Ahead of Thanksgiving this year, Danny Reilly of the Mayflower Mavericks writes a timely reminder why teaching history must be more than a story we accept, but a reflection of the reality.
In late 1620 a ship called the Mayflower sailed from Plymouth, UK, in a colonial venture to what is now New England, USA. In what is traditionally told as a story of discovery, democratic progress and the creation of a ‘New World,’ the Mayflower transported 102 passengers, including the famous ‘Pilgrim Fathers’, or Calvinist Separatists, though they made up fewer than half of those on board. The journey was part of the early establishment of the three British colonial centres in the Americas: Virginia, New England and the Caribbean.
‘The Mayflower Story,’ which was devised some 250 years ago in order to support a powerful myth about the founding of America, has since framed collective understanding of what was, in reality, an invasion.
If we were to tell the unedited Mayflower/New England story, it involves slavery, land grabbing and massacres. Starting with the Pequot War 1636-38, a pattern of warfare that lasted 250 years was established by colonists in North America. It involved attacks on food supplies and the deployment against Indigenous resistance of militias against non-combatants as well as combatants. These militias were later used to catch run-away slaves.
Sadly, the opening of the Mayflower Museum which opened in Plymouth, UK, in 2015, has swallowed uncritically the ‘Mayflower Story’s’ retelling of history. The Museum’s displays present a version of the Mayflower story that, rather than set in the context of British Imperial history, is only about the ‘Pilgrims’.
As we approach the Mayflower’s 400th anniversary commemorations, to be officially launched on 28 November 2019 (Thanksgiving Day), this misleading version of the story, with its uncomplicated praise for the Pilgrims and their actions, becomes ever more deeply entrenched.
The same skewered understanding serves as the sanitised framework for the ‘Mayflower 400 website,’ which went live soon after the opening of the museum.
"Every child in Plymouth will know the story of the Mayflower" (Plymouth Council Scrutiny committee, 16/03/2016)
Similarly, a Mayflower teaching and learning project started by Mayflower 400 firmly places the story of the British Separatists, i.e. the Pilgrims, at the centre of the narrative. Even where ‘Native Americans’ are referred to, indigenous people are mostly to be studied for comparison purposes, or as parts of events and changes initiated outside of their societies. A ‘History and the Native American Wars’ module was belatedly included, which very briefly lists issues relating to expropriations and the oppressive conduct of the settlers. The New England connections to the Caribbean are not dealt with.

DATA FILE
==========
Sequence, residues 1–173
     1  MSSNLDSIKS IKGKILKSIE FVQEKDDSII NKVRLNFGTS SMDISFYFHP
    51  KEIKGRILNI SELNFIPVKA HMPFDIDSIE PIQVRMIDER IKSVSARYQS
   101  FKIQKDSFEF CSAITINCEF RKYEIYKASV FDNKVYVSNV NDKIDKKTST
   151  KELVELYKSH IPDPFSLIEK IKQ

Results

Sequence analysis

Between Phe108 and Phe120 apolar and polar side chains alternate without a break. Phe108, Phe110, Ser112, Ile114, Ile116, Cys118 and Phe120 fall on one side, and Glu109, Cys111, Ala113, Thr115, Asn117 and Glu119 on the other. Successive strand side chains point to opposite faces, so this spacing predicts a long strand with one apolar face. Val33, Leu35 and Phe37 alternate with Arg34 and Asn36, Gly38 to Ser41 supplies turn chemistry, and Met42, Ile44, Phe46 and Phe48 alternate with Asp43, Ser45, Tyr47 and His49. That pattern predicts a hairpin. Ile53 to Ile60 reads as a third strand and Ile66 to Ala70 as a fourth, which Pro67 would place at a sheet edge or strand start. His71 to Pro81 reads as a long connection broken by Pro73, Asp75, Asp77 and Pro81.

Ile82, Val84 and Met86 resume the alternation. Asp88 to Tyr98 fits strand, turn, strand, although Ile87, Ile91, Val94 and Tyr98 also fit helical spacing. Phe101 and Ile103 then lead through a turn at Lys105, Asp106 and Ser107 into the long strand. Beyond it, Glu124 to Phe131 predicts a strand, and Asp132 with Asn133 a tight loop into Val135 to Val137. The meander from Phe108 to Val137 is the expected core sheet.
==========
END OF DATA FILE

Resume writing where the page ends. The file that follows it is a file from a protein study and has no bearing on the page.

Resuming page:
This is a huge missed opportunity, as the online resources are extensive, including a Teachers’ Toolkit that has schemes of work covering Key Stages (KS) 1, 2 and 3. The organisation of this project has links to the local authority but is outside statutory educational arrangements, which has enabled Mayflower 400 to use existing channels to establish its influence and promote its materials. The amended KS3 scheme is now 64 pages long, arranged in 18 modules designed to cover all the National Curriculum subjects while studying the Mayflower.
In 1769, just six years before the start of the War of Independence, the Mayflower commemorations were re-purposed with the inauguration of Forefathers Day in Plymouth Massachusetts. Marking the establishment of the New Plymouth settlement became mixed up with political discontent over colonial government and restrictions on westward colonial expansion. Subsequently, the ‘Mayflower Compact’, signed in November 1620 by the majority of the male Mayflower passengers, was hailed as a forerunner of the Constitution of the USA, and the Thanksgiving of Autumn 1621 was rebranded as ‘The First Thanksgiving’.
By 1775 the rebellion by thirteen of the then fifteen British North American colonies had been made possible because of the economic success of New England in the previous 150 years. The connections between the British Caribbean and New England colonies in the early seventeenth century were developed through trade relations centred on sugar produced by slave labour, initially in Barbados. A Caribbean - New England - West African coast triangular trade of molasses, rum and slaves led to the economic success of the North American colonies and the creation of the Mayflower story, which in turn led to the challenge to the British crown.
There had been a 90% decline in the indigenous population along the North Atlantic American coast between 1600 and 1700 as a result of disease and colonial war. The resulting land seizures enabled the development of agricultural production, the creation of rum refining and shipping industries, and trade-driven economic growth.
The plans for the Mayflower 400 commemorations are regional, national and transatlantic, and include a host of projects. A few of the creative arts projects challenge sanitisation of the story. However, the Mayflower education programme does not. Indeed, one of the most recent announcements includes an initiative for young people looking uncritically at the ‘Mayflower Compact,’ see our comment articulating concerns about this here.
The dominant colonial narrative adopted by the formal channels shaping understanding of the Mayflower simply ignores the history - and continuing consequences - of colonisation.
Such a narrow look at history is not only wrong, it is damaging.
The Mayflower Mavericks tweet here: @MayflowerM1620
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